The problem, alas, is that while my meals became much healthier in July, my snacking was unaffected. I go through snacking phases, you see. Some months I am fine, less dedicated to evening snacking, able to have a thimble-sized square or two of chocolate and call it a day, but what with finishing school and all, I’d been having a Stressful Time, and nothing soothes a person (assuming that person is me) during a Stressful Time like a snack. I don’t snack during the day (or if I do it is healthy and planned, usually cheese or almonds or something), but we eat dinner early, and I am up for a long time after that, and sometimes, once the children are finally asleep and I am able to relax for the first time all day I…go mad. I go mad, is what happens, and I want to eat everything that ever was—and I do, or at least everything that ever was in my cupboards. All the eating virtue I’d so easily practiced by day vaporizes in a cloud of, I don’t know, salt and cocoa powder. I know prevailing wisdom says to simply not keep unhealthy snacks in the house, but this underestimates my evening snack madness. If there is nothing in the house I will SEND SCOTT OUT at 8pm to buy me a bag of Spicy Thai potato chips, which I then proceed to consume in its entirety. I’m not proud of this, but there it is.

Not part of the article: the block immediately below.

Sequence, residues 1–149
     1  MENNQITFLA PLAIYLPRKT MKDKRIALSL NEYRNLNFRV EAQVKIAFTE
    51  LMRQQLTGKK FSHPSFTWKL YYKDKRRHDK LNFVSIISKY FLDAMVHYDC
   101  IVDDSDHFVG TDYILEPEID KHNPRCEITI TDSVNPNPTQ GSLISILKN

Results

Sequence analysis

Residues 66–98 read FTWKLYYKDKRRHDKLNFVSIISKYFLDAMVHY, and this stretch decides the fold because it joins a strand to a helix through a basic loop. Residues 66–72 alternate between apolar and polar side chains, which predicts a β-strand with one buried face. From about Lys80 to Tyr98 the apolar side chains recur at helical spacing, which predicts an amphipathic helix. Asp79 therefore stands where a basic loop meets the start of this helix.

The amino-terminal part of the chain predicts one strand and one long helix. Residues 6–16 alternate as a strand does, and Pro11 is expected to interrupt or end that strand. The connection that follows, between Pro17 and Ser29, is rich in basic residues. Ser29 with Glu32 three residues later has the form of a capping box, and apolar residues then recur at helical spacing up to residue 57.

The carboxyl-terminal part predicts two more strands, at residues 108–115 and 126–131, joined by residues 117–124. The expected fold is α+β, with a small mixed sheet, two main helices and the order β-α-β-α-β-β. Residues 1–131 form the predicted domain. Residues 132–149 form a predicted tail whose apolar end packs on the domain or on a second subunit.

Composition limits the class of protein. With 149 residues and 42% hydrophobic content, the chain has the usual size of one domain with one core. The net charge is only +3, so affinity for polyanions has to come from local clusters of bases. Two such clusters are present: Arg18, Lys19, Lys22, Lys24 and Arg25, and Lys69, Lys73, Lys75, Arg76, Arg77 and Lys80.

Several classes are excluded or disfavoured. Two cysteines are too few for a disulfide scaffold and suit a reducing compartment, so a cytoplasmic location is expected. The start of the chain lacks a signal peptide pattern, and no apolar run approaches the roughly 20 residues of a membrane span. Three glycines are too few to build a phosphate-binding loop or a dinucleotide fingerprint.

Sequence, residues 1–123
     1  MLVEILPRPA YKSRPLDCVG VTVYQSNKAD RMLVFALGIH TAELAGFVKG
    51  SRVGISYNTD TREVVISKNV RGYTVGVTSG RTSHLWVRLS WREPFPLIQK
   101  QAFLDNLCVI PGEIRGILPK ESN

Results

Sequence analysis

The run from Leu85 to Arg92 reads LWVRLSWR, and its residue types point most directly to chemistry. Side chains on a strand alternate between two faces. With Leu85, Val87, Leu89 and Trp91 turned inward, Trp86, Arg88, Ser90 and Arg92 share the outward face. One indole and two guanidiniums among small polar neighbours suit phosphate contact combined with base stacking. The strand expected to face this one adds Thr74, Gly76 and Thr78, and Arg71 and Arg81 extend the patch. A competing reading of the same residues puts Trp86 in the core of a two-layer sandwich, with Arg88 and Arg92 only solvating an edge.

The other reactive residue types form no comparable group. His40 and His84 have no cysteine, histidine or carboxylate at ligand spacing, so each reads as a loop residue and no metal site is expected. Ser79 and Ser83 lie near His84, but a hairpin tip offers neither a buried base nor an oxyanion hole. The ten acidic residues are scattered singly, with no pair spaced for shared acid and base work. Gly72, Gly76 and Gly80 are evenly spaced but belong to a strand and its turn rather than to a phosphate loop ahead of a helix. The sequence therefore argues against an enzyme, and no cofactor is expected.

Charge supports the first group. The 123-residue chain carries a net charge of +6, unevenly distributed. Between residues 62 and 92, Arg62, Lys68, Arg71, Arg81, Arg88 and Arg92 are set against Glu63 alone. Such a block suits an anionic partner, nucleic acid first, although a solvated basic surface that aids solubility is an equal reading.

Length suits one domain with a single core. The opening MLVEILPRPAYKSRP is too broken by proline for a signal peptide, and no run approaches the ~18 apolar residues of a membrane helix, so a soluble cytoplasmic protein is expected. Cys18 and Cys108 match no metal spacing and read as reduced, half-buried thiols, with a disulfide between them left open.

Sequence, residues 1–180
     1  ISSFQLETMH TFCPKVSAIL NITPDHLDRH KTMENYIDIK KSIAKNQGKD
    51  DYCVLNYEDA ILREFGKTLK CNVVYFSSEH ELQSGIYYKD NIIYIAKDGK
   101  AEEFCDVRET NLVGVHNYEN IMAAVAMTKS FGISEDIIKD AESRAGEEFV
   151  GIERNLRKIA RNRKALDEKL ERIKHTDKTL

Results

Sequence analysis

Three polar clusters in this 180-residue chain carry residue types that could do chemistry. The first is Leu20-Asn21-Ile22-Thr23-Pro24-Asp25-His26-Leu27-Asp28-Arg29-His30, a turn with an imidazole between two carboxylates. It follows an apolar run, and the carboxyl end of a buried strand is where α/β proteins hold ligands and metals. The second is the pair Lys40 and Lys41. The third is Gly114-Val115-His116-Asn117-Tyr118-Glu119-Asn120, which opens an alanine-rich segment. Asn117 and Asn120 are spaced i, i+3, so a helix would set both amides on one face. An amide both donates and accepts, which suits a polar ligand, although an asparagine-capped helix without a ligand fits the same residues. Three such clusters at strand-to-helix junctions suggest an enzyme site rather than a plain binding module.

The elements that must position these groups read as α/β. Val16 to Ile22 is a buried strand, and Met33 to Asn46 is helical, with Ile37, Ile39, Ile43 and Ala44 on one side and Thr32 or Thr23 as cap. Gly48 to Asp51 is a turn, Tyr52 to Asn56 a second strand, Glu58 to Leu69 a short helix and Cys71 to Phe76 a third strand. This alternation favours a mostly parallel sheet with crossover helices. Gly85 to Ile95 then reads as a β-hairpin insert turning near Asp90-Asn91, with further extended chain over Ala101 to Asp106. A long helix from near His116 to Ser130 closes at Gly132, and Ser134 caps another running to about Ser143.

I tried having cheese and crackers, under the theory that, while not exactly low cal, it was better than an entire bushel basket of chips, and I ended up putting away a shocking amount of expensive bleu d’Affinois and about half a box of sea salt pita crisps (putting them away in my stomach, to be clear). I am not sure that a toddler’s-thigh-sized wedge of the sort of cheese that is juuust this side of butter was an improvement, frankly.